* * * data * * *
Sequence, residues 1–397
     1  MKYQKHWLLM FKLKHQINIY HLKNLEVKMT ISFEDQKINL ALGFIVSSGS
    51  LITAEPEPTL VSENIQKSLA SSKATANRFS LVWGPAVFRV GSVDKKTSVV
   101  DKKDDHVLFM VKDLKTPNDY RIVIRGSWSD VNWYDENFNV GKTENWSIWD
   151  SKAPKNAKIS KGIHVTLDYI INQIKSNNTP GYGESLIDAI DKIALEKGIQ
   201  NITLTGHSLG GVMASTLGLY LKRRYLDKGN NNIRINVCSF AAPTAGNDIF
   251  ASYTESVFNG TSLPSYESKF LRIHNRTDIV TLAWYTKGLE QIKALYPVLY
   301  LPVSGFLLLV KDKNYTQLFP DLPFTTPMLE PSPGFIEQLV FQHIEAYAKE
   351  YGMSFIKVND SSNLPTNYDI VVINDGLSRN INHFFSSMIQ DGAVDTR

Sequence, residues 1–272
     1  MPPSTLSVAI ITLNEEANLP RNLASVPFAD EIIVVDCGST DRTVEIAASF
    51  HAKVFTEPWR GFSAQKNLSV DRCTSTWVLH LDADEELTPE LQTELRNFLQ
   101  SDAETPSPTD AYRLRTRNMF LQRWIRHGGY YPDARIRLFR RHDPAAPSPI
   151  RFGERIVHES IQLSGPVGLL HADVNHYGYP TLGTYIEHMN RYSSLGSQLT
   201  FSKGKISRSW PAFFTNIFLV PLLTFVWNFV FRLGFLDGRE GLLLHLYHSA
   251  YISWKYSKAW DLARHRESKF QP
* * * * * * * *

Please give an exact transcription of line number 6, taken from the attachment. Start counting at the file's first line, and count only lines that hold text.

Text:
   201  NITLTGHSLG GVMASTLGLY LKRRYLDKGN NNIRINVCSF AAPTAGNDIF